If you are planning to move to the Netherlands with your pet, it is essential to familiarize yourself with the import regulations and requirements. The Netherlands allows the import of pets, but certain restrictions and procedures apply, depending on the pet’s species, health status, and country of origin.

To ensure a smooth and hassle-free import process, you must obtain the necessary paperwork, including a valid European pet passport, health certificate, and vaccination records. You should also ensure that your pet is microchipped and treated for ticks and tapeworms before travel.

If you are traveling from a non-EU country or a high-risk country, you may face additional requirements, such as quarantine and permits. It is advisable to check with the relevant authorities in your country of origin and the Netherlands for the specific requirements and procedures.

By following the regulations and requirements, you can ensure the safe and comfortable travel of your furry friend and enjoy your new life in the Netherlands.


Latest Videos

In this short video, we dive into the significant health care updates and changes happening globally in 2024. From Germany's insurance cost adjustments to Cyprus's renewed COVID-19 precautions, we cover the essential news you need to know.  Germany's Health Insurance Update:  Starting in 2024, residents in Germany will see a slight increase in their health insurance costs, with a 0.1% rise to a maximum of 1.7%. This adjustment aims to expand coverage for medical care not currently included in statutory health insurance, such as select dental treatments, IVF, and early cancer screenings.  COVID-19 Measures Reintroduced in Cyprus:  With over 3000 new COVID-19 cases, Cyprus is stepping up its game by reintroducing health measures. Requirements now include proof of a negative COVID-19 test for entry into various facilities, emphasizing the importance of vaccination, especially for the elderly, to combat the evolving virus strains.  Free Health Trials in Trieste, Italy:  Trieste launches an initiative for free health screenings, including echocardiograms and blood tests, focusing on preventive care against non-communicable diseases. This move underscores the city's commitment to improving public health through early detection and prevention.  Spain's New Health Advice App:  Madrid introduces a groundbreaking app offering reliable health advice to counteract the widespread misinformation online. This app, part of the 'Madrid Te Cuida' initiative, will guide users to accurate information, from diet tips to medical queries, ensuring the advice is vetted by health professionals.  Expat Satisfaction with Healthcare in Mexico:  A study reveals that expat retirees in Mexico are largely content with the healthcare quality and costs, with many citing significant savings compared to the United States without compromising on care quality. This insight sheds light on the growing trend of healthcare tourism and relocation for medical reasons.  Stay tuned as we unpack these updates, providing you with the insights and implications of these healthcare changes. Whether it's the impact on your wallet or the quality of care you can expect, we've got you covered in this comprehensive overview of health care in 2024. Don't forget to like, share, and subscribe for more health news around the globe!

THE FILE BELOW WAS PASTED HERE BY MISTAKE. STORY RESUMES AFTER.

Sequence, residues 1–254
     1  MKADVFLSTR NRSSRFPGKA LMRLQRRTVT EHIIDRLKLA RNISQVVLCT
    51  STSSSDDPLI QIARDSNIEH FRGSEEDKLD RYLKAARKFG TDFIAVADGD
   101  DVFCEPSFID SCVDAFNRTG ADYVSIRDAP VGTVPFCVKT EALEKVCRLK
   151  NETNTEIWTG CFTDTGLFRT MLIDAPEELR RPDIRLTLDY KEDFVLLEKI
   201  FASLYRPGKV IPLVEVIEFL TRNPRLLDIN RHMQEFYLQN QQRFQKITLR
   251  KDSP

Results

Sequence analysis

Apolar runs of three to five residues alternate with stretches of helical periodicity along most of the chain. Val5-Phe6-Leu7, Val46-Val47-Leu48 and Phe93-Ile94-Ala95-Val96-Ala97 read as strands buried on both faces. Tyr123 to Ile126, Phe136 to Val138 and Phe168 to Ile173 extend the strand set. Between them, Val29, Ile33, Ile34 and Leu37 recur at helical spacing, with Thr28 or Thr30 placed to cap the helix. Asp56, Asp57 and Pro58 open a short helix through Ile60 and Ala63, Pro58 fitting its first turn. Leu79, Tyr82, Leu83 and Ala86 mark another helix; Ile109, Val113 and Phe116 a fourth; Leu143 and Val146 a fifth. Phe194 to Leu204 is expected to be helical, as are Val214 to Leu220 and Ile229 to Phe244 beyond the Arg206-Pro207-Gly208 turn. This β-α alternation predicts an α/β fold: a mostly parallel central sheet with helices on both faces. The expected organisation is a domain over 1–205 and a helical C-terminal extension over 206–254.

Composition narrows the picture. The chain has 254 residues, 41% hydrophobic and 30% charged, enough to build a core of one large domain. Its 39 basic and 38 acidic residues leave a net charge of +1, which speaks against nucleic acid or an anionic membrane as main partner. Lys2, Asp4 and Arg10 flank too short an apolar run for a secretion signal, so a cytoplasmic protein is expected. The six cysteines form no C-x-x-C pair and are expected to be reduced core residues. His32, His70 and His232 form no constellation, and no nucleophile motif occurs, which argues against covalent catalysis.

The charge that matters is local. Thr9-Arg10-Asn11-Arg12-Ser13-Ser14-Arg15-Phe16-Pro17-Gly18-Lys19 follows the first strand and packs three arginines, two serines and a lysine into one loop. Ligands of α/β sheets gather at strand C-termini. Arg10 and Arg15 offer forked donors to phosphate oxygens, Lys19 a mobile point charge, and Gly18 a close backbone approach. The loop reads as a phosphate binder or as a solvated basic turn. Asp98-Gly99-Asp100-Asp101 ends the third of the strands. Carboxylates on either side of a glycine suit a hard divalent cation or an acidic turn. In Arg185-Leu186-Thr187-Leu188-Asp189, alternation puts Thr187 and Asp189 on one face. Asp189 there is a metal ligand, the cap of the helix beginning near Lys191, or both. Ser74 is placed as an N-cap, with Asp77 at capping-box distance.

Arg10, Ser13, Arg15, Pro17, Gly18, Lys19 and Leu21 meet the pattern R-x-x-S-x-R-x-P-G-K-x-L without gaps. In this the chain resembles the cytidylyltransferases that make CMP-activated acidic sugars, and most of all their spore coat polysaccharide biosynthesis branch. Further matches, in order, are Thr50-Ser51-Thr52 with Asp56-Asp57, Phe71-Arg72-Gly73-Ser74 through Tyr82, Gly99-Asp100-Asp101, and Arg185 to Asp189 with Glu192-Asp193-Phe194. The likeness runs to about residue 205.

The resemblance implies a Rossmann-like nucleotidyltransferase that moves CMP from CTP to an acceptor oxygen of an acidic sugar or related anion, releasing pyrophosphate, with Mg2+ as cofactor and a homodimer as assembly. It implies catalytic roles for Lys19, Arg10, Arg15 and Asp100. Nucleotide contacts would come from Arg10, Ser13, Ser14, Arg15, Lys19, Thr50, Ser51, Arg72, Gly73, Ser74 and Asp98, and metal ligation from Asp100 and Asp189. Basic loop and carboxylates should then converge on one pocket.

In this short video, we dive into the significant health care updates and changes happening globally in 2024. From Germany's insurance cost adjustments to Cyprus's renewed COVID-19 precautions, we cover the essential news you need to know.

Germany's Health Insurance Update:

Starting in 2024, residents in Germany will see a slight increase in their health insurance costs, with a 0.1% rise to a maximum of 1.7%. This adjustment aims to expand coverage for medical care not currently included in statutory health insurance, such as select dental treatments, IVF, and early cancer screenings.

COVID-19 Measures Reintroduced in Cyprus:

With over 3000 new COVID-19 cases, Cyprus is stepping up its game by reintroducing health measures. Requirements now include proof of a negative COVID-19 test for entry into various facilities, emphasizing the importance of vaccination, especially for the elderly, to combat the evolving virus strains.

Free Health Trials in Trieste, Italy:

Trieste launches an initiative for free health screenings, including echocardiograms and blood tests, focusing on preventive care against non-communicable diseases. This move underscores the city's commitment to improving public health through early detection and prevention.

Spain's New Health Advice App:

Madrid introduces a groundbreaking app offering reliable health advice to counteract the widespread misinformation online. This app, part of the 'Madrid Te Cuida' initiative, will guide users to accurate information, from diet tips to medical queries, ensuring the advice is vetted by health professionals.

Expat Satisfaction with Healthcare in Mexico:

A study reveals that expat retirees in Mexico are largely content with the healthcare quality and costs, with many citing significant savings compared to the United States without compromising on care quality. This insight sheds light on the growing trend of healthcare tourism and relocation for medical reasons.

Stay tuned as we unpack these updates, providing you with the insights and implications of these healthcare changes. Whether it's the impact on your wallet or the quality of care you can expect, we've got you covered in this comprehensive overview of health care in 2024. Don't forget to like, share, and subscribe for more health news around the globe!

YouTube Video UCB21b-C4O2aXm7H18_GsXMQ_nC_Fs6gU22U

Expat Focus International Healthcare Update January 2024

Expat Focus 31 January 2024 10:36 am

This error message is only visible to WordPress admins

Important: No API Key Entered.

Many features are not available without adding an API Key. Please go to the YouTube Feed settings page to add an API key after following these instructions.